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Expert Testimony: Additional Insights from AU Optronics

Last month, we were excited to publish our article, The Use of Expert Witnesses for Penalty Determinations in Criminal Antitrust Cases: A Study of United States v. AU Optronics, in Antitrust Magazine.  The article examines the use of expert testimony during the trial in AU Optronics, No. 09-cr-110 (N.D. Cal), and discusses several strategic issues for practitioners to consider in responding to expert testimony in criminal cartel cases.

As luck would have it, just days after our article was published, the Ninth Circuit issued its long-awaited AU Optronics decision addressing the requirements of the Foreign Trade Antitrust Improvements Act (“FTAIA”).  Most notably, the Ninth Circuit determined that:

  • The requirements of the FTAIA are substantive and not jurisdictional.
  • Import trade/commerce is excluded from the reach of the FTAIA.
  • If the government proceeds under the FTAIA using a “domestic effects” theory, it must prove that the defendants’ conduct had a “direct, substantial and reasonably foreseeable effect” on United States commerce.  However, the Ninth Circuit declined to resolve whether the government satisfied this standard because it found that substantial evidence supported a conviction under the “import trade/commerce” theory.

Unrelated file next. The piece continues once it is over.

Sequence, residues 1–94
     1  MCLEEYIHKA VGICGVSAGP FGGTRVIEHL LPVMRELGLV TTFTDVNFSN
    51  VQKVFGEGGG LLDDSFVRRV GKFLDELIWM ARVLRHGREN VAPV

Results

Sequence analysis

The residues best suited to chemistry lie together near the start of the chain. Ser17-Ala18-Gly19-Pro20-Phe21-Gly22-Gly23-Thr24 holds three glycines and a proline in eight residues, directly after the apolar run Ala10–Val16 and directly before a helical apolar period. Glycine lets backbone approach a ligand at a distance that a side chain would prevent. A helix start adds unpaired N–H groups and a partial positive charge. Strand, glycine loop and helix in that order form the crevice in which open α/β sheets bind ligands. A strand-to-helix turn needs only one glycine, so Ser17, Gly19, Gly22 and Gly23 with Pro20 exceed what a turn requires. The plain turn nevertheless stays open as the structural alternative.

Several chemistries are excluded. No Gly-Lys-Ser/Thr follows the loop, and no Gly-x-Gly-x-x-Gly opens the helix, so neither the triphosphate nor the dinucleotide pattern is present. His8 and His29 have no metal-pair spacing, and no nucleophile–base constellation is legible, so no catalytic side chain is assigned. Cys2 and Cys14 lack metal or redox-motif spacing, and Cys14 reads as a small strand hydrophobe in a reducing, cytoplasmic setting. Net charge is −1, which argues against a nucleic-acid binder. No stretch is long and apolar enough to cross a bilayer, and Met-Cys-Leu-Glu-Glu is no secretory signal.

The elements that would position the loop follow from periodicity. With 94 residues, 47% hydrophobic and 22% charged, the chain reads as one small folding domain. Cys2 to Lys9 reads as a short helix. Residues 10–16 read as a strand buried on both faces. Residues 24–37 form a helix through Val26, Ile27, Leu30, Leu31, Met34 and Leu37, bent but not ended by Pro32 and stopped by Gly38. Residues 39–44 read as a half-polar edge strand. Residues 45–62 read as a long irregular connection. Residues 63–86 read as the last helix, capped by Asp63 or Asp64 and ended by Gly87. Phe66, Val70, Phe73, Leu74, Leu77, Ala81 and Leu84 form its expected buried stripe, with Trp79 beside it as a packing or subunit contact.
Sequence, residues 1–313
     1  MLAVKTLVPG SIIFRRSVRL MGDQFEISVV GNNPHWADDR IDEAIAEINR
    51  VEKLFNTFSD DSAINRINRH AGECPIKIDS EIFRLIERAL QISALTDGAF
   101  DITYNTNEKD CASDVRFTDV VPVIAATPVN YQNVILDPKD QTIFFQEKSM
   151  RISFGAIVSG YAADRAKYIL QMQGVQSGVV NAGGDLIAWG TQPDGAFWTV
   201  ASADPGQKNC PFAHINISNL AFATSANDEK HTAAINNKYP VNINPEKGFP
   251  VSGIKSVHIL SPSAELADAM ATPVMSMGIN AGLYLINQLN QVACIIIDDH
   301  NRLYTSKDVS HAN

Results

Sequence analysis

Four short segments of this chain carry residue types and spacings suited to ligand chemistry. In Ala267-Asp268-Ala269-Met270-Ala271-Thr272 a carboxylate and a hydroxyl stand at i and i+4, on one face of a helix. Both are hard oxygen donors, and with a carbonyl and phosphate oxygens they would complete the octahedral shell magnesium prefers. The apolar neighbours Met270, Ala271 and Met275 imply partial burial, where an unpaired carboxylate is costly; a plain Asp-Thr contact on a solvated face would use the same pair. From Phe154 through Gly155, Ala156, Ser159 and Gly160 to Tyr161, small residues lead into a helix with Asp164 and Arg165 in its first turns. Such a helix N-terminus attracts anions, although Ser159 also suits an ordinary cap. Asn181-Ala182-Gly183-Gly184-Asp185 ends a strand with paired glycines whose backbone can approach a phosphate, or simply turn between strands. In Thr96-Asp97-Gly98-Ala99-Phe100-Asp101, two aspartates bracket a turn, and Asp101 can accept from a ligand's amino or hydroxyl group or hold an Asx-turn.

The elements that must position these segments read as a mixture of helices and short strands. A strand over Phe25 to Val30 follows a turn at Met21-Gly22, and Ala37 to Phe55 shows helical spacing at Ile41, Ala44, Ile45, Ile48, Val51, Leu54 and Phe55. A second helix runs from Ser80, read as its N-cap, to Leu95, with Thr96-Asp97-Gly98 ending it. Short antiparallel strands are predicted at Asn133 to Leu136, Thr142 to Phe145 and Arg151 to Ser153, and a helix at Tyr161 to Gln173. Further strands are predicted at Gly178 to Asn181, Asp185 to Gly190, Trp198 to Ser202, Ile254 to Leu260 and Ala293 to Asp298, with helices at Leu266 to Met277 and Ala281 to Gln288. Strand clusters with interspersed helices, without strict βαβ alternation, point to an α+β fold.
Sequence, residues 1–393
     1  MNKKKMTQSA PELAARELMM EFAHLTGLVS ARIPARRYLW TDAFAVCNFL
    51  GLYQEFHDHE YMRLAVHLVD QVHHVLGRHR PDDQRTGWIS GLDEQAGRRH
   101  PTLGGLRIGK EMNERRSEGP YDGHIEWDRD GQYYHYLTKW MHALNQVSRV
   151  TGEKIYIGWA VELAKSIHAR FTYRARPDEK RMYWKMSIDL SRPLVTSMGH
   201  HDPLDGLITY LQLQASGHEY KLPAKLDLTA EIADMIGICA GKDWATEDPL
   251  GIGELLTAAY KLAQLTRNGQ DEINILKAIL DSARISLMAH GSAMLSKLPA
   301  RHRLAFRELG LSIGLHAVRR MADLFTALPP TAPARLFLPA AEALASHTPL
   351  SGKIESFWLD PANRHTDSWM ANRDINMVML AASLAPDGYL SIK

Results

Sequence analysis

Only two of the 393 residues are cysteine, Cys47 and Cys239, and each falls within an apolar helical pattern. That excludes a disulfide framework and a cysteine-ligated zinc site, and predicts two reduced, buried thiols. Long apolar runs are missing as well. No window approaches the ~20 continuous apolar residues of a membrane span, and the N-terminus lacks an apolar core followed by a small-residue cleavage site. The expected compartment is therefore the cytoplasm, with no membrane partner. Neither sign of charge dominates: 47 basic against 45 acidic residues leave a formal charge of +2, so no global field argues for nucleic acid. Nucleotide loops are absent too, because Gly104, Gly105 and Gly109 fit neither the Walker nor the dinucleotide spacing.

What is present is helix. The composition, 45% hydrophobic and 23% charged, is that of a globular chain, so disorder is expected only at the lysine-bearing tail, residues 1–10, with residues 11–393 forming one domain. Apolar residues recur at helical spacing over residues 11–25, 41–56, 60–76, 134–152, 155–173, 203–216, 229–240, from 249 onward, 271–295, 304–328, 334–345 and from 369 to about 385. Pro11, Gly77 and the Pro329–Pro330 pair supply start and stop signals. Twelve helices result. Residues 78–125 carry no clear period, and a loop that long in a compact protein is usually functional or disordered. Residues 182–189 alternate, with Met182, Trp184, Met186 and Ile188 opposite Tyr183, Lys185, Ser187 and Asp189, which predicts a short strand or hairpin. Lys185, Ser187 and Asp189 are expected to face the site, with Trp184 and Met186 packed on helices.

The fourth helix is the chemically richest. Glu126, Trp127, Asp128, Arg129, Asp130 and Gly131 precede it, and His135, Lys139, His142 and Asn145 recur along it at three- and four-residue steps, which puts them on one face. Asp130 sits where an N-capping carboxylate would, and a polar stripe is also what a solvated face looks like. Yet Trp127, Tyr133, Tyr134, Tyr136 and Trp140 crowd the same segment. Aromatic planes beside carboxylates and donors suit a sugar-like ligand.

In other words, the Ninth Circuit declined to weigh in on what many commentators believed was the most significant issue:  the application of the requirement that the government can succeed under FTAIA only if it shows a “direct, substantial and reasonably foreseeable effect” on United States commerce.  This absence is especially notable in light of the Second Circuit’s June 4, 2014 decision in Lotes and the Seventh Circuit’s March 27, 2014 decision (which was later vacated) in Motorola – both of which addressed that very issue.

One possible explanation for the Ninth Circuit’s decision to refrain from addressing the domestic effects theory is the ambiguities in the government’s evidence on this issue, and particularly in the testimony provided by its economic expert.  The Ninth Circuit wrote: